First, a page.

Around 22,000 people have found themselves legally bound to 1000 hours of community service, including cleaning toilets at festivals, scraping chewing gum off the streets and “manually relieving sewer blockages”, among others, all in exchange for free WiFi.
The Manchester-based wifi company Purple is behind the clause inserted in the terms and conditions. The period for said work is two weeks, with the company aiming to show “the lack of consumer awareness of what they are signing up to when they access free wifi”.” Purple operates wifi hotspots for various brands, including Legoland, Outback Steakhouse, and Pizza Express.
What’s perhaps more interesting is that the company also offered a prize for anyone who actually read the terms and conditions and reported the “community service clause”. The final result was just one person claiming it or numerically speaking, 0.000045% of all WiFi users throughout the two-weeks period.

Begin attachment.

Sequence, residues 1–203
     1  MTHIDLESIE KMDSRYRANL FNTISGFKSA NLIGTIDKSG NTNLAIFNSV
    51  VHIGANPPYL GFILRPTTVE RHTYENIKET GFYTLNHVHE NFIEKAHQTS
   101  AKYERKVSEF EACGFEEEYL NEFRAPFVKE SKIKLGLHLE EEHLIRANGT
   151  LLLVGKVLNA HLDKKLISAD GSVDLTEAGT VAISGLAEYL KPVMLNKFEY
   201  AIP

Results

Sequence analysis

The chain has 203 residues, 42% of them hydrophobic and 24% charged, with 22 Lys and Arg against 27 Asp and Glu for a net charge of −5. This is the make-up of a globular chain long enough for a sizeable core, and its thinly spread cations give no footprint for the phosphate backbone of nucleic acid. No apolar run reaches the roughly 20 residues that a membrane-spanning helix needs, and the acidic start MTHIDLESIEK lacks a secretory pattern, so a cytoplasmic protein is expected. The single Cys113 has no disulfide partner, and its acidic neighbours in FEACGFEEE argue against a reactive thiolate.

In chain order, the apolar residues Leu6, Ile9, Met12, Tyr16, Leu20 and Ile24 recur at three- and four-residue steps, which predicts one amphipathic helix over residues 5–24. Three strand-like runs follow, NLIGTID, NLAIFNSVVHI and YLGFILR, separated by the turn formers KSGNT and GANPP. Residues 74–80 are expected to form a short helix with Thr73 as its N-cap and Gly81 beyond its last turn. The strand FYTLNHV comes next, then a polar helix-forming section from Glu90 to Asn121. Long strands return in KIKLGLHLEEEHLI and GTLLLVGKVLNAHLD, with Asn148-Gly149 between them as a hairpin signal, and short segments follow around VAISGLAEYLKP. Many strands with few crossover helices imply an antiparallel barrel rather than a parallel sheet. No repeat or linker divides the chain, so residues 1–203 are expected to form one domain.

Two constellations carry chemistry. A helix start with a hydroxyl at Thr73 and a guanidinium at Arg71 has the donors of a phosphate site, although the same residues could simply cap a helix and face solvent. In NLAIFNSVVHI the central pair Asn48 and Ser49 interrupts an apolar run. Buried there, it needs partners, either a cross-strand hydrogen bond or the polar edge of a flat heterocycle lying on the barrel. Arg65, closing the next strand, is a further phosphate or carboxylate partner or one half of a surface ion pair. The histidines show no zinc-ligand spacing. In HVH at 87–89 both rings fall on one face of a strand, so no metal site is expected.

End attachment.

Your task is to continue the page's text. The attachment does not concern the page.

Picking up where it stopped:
A “Community Service Clause” was added to Purple’s usual terms and stated:
“The user may be required, at Purple’s discretion, to carry out 1,000 hours of community service. This may include the following:
- Cleansing local parks of animal waste;
- Providing hugs to stray cats and dogs;
- Manually relieving sewer blockages;
- Cleaning portable lavatories at local festivals and events;
- Painting snail shells to brighten up their existence;
- Scraping chewing gum off the streets.”
“WiFi users need to read terms when they sign up to access a network,” said Gavin Wheeldon, CEO of Purple, commenting on the results. “What are they agreeing to, how much data are they sharing, and what license are they giving to providers? Our experiment shows it’s all too easy to tick a box and consent to something unfair.”
Luckily for thousands of free wifi hungry people, Purple doesn’t intend to go through with the spoof clause. It’s a shame really as “cleaning portable lavatories at local festivals and events” would surely be a lesson to remember.
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